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Trane XR12 1.5 ton-Too small for my house?

12624 Views 7 Replies 7 Participants Last post by  beenthere
We are entering the second summer in our house and I'm starting to wonder if our AC unit is undersized. Usually we try to not let the house get too warm in the first place by keeping the shades down and turning the air conditioning on in the late morning when the house is about 70 degrees. In order to keep the house at 70 though the unit seems to run continuously. Recently we had a family gathering and with lots of people in the house we couldn't get the temperature down from 74.

As stated in the title the unit is a Trane XR12 (build date 1/2003) 1.5 ton as verified by dividing the 7th and 8th digits of the model number (18) by 12. The house is a simple rectangular ranch, about 1100 square feet with 8 foot ceilings, 2x4 walls with fiberglass insulation (no idea on the R-rating), 6" of fiberglass insulation in the ceilings, fairly new vinyl windows, one picture window with a wooden frame that's a bit drafty, and three exterior doors that are a bit drafty. The house was built in the mid-60s with forced air oil heat so the AC uses the existing ductwork. The coil sits at one end of the house and feeds into the trunkline which runs the length of the house (about 45 feet) with 6" delivery ducts branching off. We have attic fans but ventilating the roof doesn't seem to help. To address the obvious we change the filter religiously every 30 days due to allergies. Finally, the rear of the house faces directly south. There are only 3 south facing windows, but we don't have any shade so the rear roof (simple a-frame) and rear wall get a lot of sun. So, given all of that, does it sound like my unit is undersized? If so, how much will it help to tighten up the house, add insulation, etc...?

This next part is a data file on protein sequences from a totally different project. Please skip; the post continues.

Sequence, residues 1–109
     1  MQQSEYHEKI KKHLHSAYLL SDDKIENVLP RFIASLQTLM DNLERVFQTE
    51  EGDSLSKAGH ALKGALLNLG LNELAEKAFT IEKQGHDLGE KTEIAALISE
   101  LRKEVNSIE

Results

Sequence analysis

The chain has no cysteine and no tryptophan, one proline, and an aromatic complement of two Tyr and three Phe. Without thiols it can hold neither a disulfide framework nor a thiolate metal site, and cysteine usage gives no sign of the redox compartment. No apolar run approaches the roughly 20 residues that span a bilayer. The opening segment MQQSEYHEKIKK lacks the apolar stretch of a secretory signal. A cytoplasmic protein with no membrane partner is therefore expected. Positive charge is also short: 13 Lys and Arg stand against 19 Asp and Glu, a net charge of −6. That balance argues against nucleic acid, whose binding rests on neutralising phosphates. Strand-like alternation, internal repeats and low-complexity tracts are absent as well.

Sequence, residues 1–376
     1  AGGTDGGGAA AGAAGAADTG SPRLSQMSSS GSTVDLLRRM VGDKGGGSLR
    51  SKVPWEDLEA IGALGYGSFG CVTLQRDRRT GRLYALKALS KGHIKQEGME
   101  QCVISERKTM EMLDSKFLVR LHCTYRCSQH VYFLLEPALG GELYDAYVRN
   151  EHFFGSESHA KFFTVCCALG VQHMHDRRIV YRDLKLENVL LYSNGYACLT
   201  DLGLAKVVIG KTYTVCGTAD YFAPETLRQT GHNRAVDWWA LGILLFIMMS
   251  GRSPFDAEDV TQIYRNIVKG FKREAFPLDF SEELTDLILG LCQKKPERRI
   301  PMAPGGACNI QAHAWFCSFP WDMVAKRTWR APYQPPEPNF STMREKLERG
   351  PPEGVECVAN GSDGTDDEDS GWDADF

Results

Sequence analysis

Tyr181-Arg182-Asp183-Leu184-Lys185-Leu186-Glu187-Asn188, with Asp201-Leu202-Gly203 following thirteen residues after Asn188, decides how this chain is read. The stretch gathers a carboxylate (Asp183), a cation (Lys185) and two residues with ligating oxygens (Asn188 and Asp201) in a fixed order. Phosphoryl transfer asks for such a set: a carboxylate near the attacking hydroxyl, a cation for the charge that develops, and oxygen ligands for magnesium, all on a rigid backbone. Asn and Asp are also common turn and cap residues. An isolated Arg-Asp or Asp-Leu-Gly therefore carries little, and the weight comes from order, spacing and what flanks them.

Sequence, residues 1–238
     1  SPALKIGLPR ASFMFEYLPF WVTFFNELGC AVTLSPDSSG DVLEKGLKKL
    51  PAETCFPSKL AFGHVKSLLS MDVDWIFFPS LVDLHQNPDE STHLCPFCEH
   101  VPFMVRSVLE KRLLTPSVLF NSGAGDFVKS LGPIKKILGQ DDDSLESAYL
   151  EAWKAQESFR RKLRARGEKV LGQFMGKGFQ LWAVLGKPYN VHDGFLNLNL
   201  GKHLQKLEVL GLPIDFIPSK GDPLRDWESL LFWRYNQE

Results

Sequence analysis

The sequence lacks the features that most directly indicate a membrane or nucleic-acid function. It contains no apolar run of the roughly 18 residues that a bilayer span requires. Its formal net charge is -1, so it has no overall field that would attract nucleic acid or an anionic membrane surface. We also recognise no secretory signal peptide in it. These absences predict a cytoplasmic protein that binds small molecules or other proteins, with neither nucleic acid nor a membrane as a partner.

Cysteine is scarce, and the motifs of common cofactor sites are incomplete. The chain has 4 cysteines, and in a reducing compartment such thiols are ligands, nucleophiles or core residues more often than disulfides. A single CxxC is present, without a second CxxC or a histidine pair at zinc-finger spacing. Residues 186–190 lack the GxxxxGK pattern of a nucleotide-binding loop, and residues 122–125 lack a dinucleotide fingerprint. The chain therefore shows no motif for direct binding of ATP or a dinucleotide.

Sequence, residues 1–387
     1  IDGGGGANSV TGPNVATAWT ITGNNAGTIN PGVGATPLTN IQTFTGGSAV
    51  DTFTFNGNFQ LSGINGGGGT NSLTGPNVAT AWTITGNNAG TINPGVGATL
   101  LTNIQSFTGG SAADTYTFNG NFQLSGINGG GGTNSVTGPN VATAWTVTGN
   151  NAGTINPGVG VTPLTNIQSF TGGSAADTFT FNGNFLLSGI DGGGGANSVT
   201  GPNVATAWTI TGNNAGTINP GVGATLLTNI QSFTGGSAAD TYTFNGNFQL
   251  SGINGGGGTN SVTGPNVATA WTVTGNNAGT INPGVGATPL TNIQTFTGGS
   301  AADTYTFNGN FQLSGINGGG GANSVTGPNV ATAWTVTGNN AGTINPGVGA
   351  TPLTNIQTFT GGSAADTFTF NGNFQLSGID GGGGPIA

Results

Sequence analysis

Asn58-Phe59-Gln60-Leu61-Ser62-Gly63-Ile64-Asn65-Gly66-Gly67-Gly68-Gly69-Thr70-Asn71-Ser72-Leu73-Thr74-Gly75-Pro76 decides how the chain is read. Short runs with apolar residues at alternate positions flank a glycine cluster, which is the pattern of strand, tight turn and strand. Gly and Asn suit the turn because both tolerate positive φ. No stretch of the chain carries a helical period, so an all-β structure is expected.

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I would guess that the a/c unit is not keeping up with the heat gain. You will probably want to put money into insulation as it will benefit you greatly in the heating season as well as cooling. It is not uncommon to have 30+ inches of fiberglass in the attic. Six inch insulation is generally what you would use in exterior walls. Adding insulation and tightening your house up will probably cure your cooling issues. 1.5 tons should be adequate to cool that size of a house. You may also have a refrigerant charge that is adequate which will need to be checked by a competent tech..
I'm wondering if you live in the hot south like me. I just replaced AC's at my house and had done a lot of research on this subject. The Trane might be a variable speed model. Have someone hopefully honest to check dip switches, pressure check, duct seals, vents, whatever you can think of! And these new thermostates can be trickey too. If all that checks out, insulate insulate, insulate. Try a radiant barrier. The foil not the spray. And make sure your attic is vented. When it's in the upper 90's to 100 you can only hope to be around 76 inside probably.
I have a old home too